Tuesday, September 02, 2008

Down The Tracks: admirable new DVD analysing Dylan’s influences

Markets abhor a vacuum. So the scarcity of official Dylan DVD product has opened the door for the release of a growing number of unauthorised products, of variable quality.

Down The Tracks: The Music That Influenced Bob Dylan, a new documentary from White Crow Productions, is one of the more attractive releases in this burgeoning niche.

It covers well the bases you’d expect - 1960s New York, the counter culture, and Dylan’s folk, country and blues antecedents. An interview with Pete Seeger is the highlight.

The impressively varied roster of contributors includes musicians Tom Paley and Sid Griffin, record biz operators Lawrence Cohen and Joe Boyd and writers Mike Marqusee and Michael Gray. Griffin is wisely employed throughout to pull the narrative together. He excels (just as he did in Million Dollar Bash, his recent book on the Basement Tapes).

Together, they provide a coherent narrative: if you need an introduction on where Dylan’s art sprung from, Down The Tracks is an admirable primer.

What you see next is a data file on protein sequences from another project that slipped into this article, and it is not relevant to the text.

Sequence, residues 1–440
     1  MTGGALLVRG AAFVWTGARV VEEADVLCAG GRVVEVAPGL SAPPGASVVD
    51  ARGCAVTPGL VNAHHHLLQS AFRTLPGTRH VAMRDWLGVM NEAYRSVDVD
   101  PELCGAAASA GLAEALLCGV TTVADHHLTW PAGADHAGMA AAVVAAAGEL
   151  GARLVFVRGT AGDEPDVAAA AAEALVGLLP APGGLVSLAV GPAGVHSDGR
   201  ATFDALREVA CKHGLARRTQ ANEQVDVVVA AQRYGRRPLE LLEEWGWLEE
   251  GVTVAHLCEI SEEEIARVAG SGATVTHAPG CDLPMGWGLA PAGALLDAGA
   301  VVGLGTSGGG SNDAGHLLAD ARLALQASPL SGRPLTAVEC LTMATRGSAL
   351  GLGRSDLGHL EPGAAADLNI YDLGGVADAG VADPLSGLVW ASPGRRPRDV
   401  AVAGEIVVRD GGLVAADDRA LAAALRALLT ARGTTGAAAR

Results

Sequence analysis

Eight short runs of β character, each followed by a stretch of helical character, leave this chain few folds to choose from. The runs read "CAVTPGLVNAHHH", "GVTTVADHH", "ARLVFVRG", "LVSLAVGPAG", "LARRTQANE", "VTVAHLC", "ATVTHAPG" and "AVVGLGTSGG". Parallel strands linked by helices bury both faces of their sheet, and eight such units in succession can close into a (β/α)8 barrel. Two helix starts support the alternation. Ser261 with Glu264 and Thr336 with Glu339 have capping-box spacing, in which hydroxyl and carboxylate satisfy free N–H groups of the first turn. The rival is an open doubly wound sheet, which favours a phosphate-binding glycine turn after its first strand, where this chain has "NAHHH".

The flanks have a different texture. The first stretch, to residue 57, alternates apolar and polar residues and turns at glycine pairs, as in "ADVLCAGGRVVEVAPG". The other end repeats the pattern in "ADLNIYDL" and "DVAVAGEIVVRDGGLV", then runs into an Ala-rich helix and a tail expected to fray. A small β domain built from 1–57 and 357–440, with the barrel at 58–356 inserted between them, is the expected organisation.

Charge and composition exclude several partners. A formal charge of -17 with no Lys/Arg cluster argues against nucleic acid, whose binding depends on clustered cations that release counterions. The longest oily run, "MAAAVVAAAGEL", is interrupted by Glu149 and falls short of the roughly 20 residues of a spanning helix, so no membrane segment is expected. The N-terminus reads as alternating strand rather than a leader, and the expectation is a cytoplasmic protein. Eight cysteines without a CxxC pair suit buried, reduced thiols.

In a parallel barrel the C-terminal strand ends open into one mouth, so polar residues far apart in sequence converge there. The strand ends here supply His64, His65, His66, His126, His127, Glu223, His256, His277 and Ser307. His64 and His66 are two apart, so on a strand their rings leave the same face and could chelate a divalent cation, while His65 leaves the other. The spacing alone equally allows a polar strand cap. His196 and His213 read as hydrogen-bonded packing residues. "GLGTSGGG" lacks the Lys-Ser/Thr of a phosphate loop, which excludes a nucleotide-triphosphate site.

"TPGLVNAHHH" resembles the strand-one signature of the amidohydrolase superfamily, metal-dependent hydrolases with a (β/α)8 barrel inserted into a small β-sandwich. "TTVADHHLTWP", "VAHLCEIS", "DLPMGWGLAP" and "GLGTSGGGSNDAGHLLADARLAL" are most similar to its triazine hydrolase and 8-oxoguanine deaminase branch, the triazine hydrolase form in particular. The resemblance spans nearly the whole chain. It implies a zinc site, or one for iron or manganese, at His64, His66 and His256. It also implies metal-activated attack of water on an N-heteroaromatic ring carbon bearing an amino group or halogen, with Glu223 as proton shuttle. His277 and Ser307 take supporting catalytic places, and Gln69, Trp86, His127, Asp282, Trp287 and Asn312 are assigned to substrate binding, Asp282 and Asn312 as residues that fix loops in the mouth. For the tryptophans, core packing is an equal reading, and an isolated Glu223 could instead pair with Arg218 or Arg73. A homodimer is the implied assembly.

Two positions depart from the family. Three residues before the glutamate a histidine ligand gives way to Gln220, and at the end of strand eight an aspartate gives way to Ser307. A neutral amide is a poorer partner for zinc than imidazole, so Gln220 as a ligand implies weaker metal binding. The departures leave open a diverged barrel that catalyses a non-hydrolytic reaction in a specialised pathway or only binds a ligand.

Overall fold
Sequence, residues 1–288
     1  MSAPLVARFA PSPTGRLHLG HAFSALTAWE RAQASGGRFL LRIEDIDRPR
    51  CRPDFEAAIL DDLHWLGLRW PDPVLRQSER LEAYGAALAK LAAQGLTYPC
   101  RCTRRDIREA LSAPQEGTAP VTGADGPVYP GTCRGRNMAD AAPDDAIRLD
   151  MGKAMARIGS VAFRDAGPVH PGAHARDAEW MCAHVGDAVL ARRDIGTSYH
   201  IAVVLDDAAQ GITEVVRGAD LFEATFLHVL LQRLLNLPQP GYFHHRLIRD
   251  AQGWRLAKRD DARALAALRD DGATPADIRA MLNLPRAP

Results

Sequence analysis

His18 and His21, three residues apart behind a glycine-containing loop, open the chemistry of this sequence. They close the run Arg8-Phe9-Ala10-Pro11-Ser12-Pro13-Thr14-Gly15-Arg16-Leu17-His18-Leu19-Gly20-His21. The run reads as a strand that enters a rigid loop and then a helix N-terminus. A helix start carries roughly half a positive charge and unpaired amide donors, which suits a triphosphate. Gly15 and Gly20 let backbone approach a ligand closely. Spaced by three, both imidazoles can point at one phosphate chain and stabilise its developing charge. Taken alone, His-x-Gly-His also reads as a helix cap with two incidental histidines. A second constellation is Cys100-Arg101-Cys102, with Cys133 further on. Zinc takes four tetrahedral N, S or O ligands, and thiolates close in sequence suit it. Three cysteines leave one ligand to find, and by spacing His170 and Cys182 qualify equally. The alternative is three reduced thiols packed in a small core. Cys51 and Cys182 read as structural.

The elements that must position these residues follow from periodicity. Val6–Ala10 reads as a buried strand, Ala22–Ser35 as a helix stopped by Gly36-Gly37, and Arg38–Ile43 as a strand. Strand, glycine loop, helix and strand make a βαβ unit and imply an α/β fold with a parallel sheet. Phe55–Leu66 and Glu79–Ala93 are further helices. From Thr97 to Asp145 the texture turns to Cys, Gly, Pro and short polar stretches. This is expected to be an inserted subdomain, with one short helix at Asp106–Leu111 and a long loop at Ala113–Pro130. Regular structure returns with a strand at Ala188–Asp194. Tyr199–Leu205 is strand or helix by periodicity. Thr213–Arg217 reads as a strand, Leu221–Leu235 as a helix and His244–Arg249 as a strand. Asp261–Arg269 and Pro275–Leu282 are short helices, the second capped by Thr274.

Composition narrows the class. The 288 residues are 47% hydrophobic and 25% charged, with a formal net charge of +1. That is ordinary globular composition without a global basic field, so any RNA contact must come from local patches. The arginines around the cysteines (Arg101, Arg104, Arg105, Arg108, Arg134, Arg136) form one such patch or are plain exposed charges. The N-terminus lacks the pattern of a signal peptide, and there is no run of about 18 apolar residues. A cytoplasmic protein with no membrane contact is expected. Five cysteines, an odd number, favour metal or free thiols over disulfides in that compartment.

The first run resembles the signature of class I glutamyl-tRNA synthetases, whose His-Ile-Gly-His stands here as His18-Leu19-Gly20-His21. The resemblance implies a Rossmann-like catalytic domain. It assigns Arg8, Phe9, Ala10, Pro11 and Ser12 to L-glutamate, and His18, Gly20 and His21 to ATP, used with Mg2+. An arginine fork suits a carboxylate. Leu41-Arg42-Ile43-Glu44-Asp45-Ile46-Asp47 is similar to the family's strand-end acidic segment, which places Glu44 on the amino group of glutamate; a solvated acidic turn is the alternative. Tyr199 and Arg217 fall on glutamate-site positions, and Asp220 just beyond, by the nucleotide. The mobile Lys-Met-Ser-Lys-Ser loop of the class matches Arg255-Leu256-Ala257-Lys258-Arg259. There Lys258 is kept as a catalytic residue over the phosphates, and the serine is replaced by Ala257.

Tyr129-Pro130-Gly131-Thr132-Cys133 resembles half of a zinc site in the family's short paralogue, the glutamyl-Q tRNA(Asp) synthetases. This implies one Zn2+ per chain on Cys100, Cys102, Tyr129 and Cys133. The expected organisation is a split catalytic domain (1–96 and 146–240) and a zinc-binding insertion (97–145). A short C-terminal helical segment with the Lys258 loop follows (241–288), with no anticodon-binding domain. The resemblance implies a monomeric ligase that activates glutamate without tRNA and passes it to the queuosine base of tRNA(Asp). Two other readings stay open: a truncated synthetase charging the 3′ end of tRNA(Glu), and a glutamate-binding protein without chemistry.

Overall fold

Its weaknesses are principally budget-related. The main downside is the lack of Dylan footage: presumably it’s too expensive or too jealously guarded. So expect production values below those of, say, No Direction Home – on Down The Tracks, talking heads and stills dominate.

The largely unknown musicians used to punctuate the narrative don’t add much, either – apart from a fine performance from the Handsome Family.

Budget constraints apart, the script occasionally sounds stilted; I’m not over-fond of the narrator. And the jukebox leitmotif palls quickly.

But these negatives are outweighed by the programme’s positives: Down The Tracks is a welcome addition to the Dylan DVD library.


Down The Tracks: The Music That Influenced Bob Dylan. DVD, 1 disc. White Crow Productions for Eagle Rock, June 2008, 95 mins, £10.

Gerry Smith